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What can Europe do for you?

There’s an ongoing debate on what is the added value of the European Union and whether it’s really worth it. You just have to look at the recent decision on glyphosate to find people convinced the EU and the European Commission in particular doesn’t care about European citizens and is there only for the big corporations. However, just like that decision was the result of an agreement among Member States, the situation is often much more complex.

Of course, one of the Commission’s first purposes is economic development and the open labour market. It is built from the European Economic Community, after all, and has brought a wide array of peace and prosperity on the continent. Nonetheless, this is not its only purpose, and the Commission should also be recognised as a key player for social developments, with a series of important initiatives developed in the last few years.

First and foremost, the European Pillar of Social Rights has been recently adopted by the European Union which could become a landmark for Social Europe. The renewed objectives of the Education and Training 2020 and the following New Skills Agenda for Europe firmly place social inclusion at the centre of education objectives. The recent ‘Communication on school development and excellent teaching for a great start in life’ brings inclusion and accessibility to the forefront of the debate. The European Solidarity Corps aims at fostering solidarity among European citizens and support social work across Europe. The European Semester process is increasingly used to promote reforms in the field of social inclusion. We could also witness the interest in our successful conference on how the EU Investment Plan can support social investment with more than 100 participants including representatives from several European institutions.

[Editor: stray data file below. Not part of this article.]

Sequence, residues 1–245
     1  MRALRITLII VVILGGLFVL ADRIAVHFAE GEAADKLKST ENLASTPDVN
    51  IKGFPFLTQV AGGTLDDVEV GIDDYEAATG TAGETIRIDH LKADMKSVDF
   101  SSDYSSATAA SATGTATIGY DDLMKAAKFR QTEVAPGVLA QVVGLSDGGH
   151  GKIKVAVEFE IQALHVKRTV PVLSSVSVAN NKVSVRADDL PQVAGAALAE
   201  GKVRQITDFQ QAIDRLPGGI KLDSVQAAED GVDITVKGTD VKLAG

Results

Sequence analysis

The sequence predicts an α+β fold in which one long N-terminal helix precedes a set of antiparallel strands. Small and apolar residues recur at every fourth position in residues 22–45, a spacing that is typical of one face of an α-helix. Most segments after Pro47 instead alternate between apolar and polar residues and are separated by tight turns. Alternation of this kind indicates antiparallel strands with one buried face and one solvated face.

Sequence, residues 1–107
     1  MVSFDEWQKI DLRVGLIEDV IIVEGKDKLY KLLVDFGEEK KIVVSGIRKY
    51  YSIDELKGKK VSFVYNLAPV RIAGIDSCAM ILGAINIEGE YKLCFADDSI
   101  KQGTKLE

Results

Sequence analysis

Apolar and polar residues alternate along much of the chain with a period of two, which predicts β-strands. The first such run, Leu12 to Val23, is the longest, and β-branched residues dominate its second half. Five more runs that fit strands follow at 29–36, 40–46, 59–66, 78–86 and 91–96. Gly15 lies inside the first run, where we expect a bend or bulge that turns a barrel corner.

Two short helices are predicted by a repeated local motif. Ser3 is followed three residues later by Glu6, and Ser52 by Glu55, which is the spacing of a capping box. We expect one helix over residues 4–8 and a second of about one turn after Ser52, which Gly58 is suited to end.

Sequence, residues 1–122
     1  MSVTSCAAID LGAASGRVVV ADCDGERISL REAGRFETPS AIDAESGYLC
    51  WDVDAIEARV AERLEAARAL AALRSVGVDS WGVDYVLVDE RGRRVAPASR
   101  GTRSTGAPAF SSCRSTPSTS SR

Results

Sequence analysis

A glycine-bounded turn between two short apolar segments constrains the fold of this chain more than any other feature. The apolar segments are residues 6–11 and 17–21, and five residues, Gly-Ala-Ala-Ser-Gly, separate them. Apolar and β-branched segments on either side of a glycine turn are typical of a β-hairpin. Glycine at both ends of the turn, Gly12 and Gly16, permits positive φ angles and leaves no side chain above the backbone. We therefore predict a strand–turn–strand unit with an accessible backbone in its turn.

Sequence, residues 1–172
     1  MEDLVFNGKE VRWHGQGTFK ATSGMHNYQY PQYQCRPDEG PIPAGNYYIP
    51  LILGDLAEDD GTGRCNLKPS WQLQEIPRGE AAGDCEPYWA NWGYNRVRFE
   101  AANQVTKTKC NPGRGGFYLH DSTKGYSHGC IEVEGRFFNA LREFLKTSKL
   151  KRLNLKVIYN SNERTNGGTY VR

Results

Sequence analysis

While it can be argued the EU does only the bare minimum when it comes to social policies, and that these policies are flawed or don’t go far enough, it seems clear the Commission is indeed attempting to develop a more Social Europe, better answering the needs and expectations of its citizens.
 

So what can you do for a more Social Europe?

As representatives of civil society and of the social sector, it is our role to engage in a constructive and positive dialogue to bring the views of our sector to the European decision makers. Reports such as the ones on how the Semester can support the development of inclusive labour markets and on the importance of social investment have proven to have an impact.

The key is always to have data to support your argument, and that is why the feedback and expertise of all our members is crucial when we develop our positions, and why we are now aiming to develop country fact sheets on social care and support services for persons with disabilities throughout our Europe.

Let’s work together for a more Social Europe.

Timothy Ghilain
Policy Officer